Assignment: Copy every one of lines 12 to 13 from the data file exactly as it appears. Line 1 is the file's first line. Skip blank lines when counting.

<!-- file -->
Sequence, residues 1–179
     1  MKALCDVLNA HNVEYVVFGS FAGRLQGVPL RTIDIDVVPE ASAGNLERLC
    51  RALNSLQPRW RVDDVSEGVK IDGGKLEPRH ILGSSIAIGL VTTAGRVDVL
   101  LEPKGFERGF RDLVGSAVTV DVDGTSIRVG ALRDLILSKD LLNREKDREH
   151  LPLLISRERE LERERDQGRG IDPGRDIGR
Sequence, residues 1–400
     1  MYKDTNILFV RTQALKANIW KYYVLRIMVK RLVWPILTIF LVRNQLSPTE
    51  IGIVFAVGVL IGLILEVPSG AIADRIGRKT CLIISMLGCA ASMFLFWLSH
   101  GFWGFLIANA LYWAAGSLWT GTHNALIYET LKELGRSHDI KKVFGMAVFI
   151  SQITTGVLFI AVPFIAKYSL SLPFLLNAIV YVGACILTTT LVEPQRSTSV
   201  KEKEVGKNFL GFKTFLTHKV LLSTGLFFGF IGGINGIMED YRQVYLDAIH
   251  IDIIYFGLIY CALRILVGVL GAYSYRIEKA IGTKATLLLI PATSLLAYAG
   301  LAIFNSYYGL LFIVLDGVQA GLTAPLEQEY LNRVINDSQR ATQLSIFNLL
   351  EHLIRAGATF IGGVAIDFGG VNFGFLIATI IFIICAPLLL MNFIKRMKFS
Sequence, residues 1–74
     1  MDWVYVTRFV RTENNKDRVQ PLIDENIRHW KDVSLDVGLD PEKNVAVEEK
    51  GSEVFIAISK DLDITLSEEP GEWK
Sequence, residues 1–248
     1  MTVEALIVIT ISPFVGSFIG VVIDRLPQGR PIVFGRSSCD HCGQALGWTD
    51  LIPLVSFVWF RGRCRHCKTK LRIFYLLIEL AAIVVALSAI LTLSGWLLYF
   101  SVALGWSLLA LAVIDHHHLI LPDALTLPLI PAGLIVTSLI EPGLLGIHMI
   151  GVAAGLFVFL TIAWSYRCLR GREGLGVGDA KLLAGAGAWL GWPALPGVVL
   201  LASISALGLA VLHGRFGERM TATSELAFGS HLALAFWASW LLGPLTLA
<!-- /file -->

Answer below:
   251  IDIIYFGLIY CALRILVGVL GAYSYRIEKA IGTKATLLLI PATSLLAYAG
   301  LAIFNSYYGL LFIVLDGVQA GLTAPLEQEY LNRVINDSQR ATQLSIFNLL